I was too busy breaking down the Lewis vs. Nico rivalry, the crashes, the backstabbing, the comebacks and the defeats. I think I typed over 60,000 words of copy over those two years about the silver arrows and their drivers having it all their way. When I was not stirring the pot about those two, Toto, Niki or Paddy, I was trying to remind everyone that when the honeymoon is over between F1’s most recent newlyweds, Ferrari and their newest savior Sebastian Vettel, it is going to get a bit testy over there in Enzo land (my predictions are starting to come true by the way – but that is a subject for another post) 😉

Of course what was there really to say? Alonso was now in a car that was in its infancy and aside from all the trials of last year and some of the same this season I have not really been all that inspired to tell you how Alonso is the best, how he should have four if not five WDCs already, he just needs a good car, blah blah, blah. I don’t even want to hear that anymore and I love the guy.

But as the above article has reminded us, Alonso, whether you like him, dislike him or flat-out loath him, is still one of the top three drivers in F1 today. Rosberg could be included in that trio soon, possibly someday Daniel Ricciardo as well but they still have a ways to go before that happens in my opinion.

To the point, in Austin, albeit with some help from Max Verstappen’s gear box and Kimi Raikkonen’s botched wheel change and the right tires at the end, Fernando delivered a top five drive on a circuit that I thought surely would reveal a still underpowered Honda PU and a chassis with a long way to go. As the author stated, Alonso has just reminded us all why he is still one of the best. And should McLaren hit the sweet spot with their new chassis’ interpretation of the regulation changes, and if Honda’s PU really comes on song, I have no doubt Alonso will be just as fast as he ever was, and an even better driver due to his additional experience and lastly his hunger for the all consuming third title not to mention a few more hash marks in the win column. It is not lost on Alonso that Hamilton, who just a few years ago was in the wilderness, recently became the most winningest driver behind Prost and Schumacher and has already surpassed Senna, a childhood hero for both drivers.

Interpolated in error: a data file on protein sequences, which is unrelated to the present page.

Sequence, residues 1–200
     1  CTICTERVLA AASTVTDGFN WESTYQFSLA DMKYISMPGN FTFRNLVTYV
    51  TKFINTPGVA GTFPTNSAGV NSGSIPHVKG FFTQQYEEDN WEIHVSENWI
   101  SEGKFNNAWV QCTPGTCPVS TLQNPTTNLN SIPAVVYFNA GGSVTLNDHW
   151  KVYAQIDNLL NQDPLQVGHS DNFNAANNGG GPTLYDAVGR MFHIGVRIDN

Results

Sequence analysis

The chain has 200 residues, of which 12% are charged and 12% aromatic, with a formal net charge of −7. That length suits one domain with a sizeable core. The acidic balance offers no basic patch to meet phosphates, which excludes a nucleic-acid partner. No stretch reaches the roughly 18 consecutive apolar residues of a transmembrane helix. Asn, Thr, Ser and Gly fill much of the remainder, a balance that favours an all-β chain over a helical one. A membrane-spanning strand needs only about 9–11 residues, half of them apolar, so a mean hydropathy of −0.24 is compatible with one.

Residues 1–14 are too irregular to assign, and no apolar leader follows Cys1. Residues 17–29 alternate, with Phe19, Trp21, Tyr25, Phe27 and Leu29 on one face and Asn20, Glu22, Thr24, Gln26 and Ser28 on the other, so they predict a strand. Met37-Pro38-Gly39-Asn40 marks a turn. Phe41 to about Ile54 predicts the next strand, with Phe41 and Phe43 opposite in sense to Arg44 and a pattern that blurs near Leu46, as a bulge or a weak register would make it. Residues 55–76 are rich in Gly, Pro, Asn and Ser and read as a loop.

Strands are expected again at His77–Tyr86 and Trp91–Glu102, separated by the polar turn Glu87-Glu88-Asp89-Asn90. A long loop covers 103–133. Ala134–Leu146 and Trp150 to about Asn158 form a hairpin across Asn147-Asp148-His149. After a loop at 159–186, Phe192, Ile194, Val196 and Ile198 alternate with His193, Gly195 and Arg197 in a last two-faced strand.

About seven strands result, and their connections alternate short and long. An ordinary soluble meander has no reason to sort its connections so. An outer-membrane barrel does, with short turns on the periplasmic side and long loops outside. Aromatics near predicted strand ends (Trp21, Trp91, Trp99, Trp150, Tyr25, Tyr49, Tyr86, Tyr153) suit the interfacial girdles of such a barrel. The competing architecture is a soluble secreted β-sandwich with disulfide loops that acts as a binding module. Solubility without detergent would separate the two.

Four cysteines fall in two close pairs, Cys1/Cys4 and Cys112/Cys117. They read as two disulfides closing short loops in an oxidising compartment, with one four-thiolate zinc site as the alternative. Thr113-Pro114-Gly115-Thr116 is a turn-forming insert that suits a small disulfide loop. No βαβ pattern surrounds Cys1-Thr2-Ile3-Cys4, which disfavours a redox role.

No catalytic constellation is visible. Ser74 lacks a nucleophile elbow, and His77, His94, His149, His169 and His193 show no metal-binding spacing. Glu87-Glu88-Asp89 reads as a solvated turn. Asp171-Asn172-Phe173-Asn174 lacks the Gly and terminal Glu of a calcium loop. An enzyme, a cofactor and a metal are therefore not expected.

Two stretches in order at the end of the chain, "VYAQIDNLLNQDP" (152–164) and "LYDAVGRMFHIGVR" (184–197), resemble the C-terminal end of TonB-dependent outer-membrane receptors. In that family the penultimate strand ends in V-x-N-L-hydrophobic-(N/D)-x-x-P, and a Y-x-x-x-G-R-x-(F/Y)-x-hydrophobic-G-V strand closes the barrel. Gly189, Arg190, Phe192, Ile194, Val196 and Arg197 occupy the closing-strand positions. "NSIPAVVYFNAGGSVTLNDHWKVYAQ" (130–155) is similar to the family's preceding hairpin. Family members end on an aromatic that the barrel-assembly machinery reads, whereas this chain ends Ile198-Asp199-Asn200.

I think he is right to stay motivated with the idea of a faster car, more grip and the feeling that you are really driving something out of this world. I also think he is right to stay with McLaren and Honda and see out his contract with their fully actualized package. While the odds are long now that could change in a heartbeat.

We all know how hard it is to play catch-up in F1, but we also know that each team has their time and then they don’t. It happens to every big team. Of the ones around currently, Williams, Ferrari, McLaren, Red Bull and now Mercedes, they all enjoyed a few or a few-plus years of prosperity and then it was over. So the question is not “Will this happen to the Mercs?”, but only “When will it happen?”.

And like all cycles, what was old is now new, what once was, is again, and most importantly what and who were champions will be champions again. Yes, I feel the tide is turning, those warm Santa Ana’s are a bit cooler now and my fingers are getting a bit of tingle in them again.

I am looking forward to writing 60,000 no lets make that 80,000 words of copy about you know who doing you know what….